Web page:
Download All

Russell Edgerton, American Association for Higher Education

Forward to Aristotle: Teaching as the Highest Form of Understanding

There is more to teaching than a mere grasp of content. The act of teaching itself is a complex and fascinating experience which goes beyond simply knowing the subject and talking about it.


Robert Boice, SUNY-Stony Brook

Countering Common Misbeliefs About Student Evaluation of Teaching

In spite of all evidence to the contrary some people continue to believe that student evaluation of teaching is “nothing but a popularity contest.” How much more useful it is to recognize what the students have to offer in the way of feedback on teaching.


Jean MacGregor, The Evergreen State College

Collaborative Learning: Reframing the Classroom

The method of collaborative learning goes far beyond a change in teaching
methodology. It is a change in the whole relationship between learners and the environment.


Barbara Solomon, USC-Los Angles

Impediments to Teaching a Culturally Diverse Undergraduate Population

There are many societal factors within and outside the academy with which we must contend to help each student reach his or her potential. Most of all we must learn to recognize when the differences we see arise from the student, his cultural background, or the fact that he is, after all, a human being with much in common with all human beings.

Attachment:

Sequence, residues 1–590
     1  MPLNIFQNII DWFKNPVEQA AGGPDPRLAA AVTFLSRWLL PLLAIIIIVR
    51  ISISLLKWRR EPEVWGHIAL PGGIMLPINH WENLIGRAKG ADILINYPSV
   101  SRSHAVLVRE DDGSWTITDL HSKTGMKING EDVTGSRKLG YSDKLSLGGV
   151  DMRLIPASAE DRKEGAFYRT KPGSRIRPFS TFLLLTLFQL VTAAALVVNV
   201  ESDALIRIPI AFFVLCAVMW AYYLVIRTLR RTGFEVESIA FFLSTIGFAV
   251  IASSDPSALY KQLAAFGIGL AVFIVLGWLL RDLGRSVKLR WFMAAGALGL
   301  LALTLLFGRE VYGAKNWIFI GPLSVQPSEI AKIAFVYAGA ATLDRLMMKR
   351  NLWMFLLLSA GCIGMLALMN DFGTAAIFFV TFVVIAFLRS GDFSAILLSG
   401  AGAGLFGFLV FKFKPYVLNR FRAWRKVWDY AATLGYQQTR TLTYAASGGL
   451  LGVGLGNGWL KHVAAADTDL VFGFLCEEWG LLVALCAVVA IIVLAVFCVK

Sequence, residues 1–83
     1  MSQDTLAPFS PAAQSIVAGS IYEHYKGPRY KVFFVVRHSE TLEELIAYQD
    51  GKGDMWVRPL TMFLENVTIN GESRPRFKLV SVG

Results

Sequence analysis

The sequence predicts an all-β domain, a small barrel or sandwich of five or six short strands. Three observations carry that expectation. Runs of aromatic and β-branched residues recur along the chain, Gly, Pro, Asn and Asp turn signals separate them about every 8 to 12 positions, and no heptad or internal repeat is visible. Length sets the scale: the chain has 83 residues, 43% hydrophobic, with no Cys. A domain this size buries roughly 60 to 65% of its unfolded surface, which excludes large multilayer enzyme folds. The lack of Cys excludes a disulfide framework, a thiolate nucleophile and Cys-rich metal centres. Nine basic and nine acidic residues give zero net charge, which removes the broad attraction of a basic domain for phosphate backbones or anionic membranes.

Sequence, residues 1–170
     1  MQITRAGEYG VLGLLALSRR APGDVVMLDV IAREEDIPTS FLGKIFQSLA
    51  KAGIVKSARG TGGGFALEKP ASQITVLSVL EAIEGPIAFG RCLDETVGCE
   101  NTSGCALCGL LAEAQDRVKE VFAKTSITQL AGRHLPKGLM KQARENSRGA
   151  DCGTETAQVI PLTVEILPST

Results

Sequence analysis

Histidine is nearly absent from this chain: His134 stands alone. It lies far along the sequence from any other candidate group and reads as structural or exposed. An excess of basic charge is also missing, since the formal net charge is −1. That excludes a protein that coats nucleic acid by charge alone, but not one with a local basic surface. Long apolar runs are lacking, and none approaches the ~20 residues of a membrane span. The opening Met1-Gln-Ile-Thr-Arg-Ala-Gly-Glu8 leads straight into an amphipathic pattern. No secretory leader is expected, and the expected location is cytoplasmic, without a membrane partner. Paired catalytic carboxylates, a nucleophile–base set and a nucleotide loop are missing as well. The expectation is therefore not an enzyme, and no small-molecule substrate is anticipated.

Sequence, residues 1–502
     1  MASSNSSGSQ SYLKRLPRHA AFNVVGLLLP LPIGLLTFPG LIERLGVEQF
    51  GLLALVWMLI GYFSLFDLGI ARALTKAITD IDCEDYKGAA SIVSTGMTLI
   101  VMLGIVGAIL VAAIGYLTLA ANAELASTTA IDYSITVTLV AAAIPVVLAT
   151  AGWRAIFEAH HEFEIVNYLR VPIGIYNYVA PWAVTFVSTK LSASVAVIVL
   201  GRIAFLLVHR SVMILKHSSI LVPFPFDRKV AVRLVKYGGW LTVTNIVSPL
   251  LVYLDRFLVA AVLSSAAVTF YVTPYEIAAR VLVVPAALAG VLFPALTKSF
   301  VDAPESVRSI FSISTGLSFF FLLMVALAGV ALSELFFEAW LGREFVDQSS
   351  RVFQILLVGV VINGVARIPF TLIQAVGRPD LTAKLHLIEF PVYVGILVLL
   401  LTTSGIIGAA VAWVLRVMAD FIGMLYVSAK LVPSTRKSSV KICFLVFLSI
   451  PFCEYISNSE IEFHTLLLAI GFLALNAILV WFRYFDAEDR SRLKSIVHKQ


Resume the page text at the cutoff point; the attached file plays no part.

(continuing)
Ohmer Milton, University of Tennessee

Course Tests: Integral Features of Instruction

The tests we give in class are one powerful means of communicating our intentions to the students. They should be recognized and respected as such.


Robert Menges, Northwestern University

Teaching: Beliefs and Behaviors

Our beliefs about learning shape the behaviors of our teaching. We need to be aware of what they are and how they influence our actions.


John Boehrer, Harvard University

Spectators and Gladiators: Reconnecting the Students with the Problem

Learning does not take place when the instructor does all the work. It is necessary for the students to get back into the game and do some of the grappling as they do in the case method of teaching.


Marilla Svinicki, University of Texas

So Much Content; So Little Time

The universal complaint of faculty is that there is too much content to cover in the time allotted. Rather than complaining, perhaps we should re- examine how we go about choosing the content to include in a course. We might find we have more than we really need.